"But I just did it because I felt like I wanted to be there. I wasn't thinking of doing it as a PR move. I just did it because I said, 'Hey, I want to go to FanFest.' "

As Willis tells the story, he leans back into his locker in a corner of the Marlins' clubhouse. Though only 25, his presence is that of one of the game's elder statesmen and most visible spokesmen. He is already his franchise's all-time winningest pitcher, and when the Marlins open the season April 2 at RFK Stadium in Washington, Willis will be on the mound.

"He's even better to be around than I thought he would be," said Fredi Gonzalez, the Marlins' rookie manager, who was hired just two months before Willis's arrest. "From across the field, you knew he respected the game [and] he respected the people around him. And now being around him, he's all that, and also a hell of a leader and a hell of a worker."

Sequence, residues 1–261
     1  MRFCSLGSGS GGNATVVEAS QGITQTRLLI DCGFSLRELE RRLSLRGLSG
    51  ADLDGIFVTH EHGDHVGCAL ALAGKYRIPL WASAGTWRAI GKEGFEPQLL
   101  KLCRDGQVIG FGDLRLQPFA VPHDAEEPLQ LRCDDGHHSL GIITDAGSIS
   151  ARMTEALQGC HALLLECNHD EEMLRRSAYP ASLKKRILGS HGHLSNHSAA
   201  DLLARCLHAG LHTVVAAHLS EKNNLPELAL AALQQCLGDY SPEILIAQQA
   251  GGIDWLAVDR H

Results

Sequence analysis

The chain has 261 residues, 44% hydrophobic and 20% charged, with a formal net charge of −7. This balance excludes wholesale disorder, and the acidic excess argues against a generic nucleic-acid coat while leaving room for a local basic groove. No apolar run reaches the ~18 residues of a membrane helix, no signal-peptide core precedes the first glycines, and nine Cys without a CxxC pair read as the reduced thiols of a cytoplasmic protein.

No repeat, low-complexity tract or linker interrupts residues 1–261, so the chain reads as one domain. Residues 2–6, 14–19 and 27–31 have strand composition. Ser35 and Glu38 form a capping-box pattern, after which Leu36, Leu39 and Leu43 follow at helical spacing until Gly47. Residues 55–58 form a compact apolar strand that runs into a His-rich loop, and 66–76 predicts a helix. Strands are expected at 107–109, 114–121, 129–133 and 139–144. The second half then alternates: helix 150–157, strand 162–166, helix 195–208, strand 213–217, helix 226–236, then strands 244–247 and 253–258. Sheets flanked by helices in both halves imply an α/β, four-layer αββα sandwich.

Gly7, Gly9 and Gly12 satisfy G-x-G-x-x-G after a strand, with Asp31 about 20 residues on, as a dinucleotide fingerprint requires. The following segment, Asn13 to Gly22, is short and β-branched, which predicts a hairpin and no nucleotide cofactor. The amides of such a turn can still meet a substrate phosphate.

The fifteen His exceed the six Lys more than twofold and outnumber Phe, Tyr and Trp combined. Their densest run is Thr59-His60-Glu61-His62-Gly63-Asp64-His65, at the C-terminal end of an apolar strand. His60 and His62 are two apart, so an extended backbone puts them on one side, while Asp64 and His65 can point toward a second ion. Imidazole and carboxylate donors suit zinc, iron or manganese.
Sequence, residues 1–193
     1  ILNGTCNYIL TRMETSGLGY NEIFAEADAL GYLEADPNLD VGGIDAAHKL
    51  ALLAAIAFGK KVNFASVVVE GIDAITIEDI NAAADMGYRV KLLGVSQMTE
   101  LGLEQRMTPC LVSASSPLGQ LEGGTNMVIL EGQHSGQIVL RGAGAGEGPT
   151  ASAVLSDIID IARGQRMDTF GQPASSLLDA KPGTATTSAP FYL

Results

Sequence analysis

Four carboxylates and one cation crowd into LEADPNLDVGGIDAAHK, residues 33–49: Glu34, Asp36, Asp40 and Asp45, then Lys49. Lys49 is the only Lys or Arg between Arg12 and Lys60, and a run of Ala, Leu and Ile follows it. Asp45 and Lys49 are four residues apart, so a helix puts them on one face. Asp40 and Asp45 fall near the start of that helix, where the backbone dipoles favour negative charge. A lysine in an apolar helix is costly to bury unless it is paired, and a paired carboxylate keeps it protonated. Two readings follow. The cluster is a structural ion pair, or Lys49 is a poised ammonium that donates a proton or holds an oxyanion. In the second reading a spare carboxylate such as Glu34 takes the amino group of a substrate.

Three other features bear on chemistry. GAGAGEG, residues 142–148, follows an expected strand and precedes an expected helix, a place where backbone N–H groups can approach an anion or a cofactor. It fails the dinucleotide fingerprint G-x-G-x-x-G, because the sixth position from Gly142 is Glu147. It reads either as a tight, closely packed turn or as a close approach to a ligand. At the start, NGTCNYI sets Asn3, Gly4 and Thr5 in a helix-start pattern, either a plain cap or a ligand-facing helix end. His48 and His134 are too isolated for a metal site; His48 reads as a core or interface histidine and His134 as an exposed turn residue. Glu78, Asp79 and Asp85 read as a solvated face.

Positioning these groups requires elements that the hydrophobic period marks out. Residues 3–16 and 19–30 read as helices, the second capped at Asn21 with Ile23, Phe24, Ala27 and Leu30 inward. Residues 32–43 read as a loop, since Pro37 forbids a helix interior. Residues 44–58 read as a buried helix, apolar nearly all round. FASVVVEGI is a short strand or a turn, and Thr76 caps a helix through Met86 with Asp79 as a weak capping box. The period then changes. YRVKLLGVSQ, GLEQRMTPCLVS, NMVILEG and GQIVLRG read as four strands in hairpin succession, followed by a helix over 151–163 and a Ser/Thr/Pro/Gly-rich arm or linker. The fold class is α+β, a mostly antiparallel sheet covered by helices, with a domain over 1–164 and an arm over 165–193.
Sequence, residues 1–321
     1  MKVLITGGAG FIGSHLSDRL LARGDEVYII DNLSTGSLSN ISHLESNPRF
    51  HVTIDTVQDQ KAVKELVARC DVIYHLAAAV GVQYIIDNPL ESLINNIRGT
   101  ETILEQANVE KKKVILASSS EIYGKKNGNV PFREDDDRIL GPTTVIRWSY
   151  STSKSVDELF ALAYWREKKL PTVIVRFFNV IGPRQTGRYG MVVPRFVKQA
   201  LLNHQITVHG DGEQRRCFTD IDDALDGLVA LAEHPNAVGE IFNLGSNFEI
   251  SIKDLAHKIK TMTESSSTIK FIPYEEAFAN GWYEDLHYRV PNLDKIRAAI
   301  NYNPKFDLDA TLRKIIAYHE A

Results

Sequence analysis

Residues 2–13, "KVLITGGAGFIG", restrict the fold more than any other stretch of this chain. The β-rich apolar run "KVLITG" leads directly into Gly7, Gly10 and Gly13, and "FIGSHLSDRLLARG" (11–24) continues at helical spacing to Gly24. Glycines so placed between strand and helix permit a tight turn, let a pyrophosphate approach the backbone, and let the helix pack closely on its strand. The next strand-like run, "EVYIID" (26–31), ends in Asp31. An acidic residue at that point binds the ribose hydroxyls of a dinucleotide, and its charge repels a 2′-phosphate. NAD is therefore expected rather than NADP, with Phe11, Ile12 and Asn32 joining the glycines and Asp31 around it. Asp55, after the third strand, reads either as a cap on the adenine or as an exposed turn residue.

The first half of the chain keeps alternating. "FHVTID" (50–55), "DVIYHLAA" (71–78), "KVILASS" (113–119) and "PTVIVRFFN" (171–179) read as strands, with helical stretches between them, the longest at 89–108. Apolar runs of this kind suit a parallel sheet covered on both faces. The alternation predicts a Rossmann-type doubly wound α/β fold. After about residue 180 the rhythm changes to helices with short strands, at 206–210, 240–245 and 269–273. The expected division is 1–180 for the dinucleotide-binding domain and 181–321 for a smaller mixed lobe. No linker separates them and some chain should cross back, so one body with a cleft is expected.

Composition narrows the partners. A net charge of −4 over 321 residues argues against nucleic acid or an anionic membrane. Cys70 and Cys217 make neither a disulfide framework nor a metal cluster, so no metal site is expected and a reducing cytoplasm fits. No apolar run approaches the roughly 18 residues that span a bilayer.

It has been four years since Willis burst into the greater baseball consciousness with his high leg kick, off-kilter cap and explosive pitches, all of it wrapped in packaging -- an African American in a sport starved for them, with an infectious smile that never seemed to leave his face -- right out of a marketer's dream. And he was good, winning the 2003 National League rookie of the year award, then going 3-0 in the postseason as the Marlins won the World Series.

But almost nobody is left from that championship team -- just Willis and third baseman Miguel Cabrera -- and this year Willis is the oldest member of the Marlins' starting rotation, instead of the youngest. And how much longer will he be a Marlin at all? He and Cabrera account for nearly half of the team's projected $28 million payroll, and there is every likelihood that one or both will be traded if the team is out of contention by midsummer.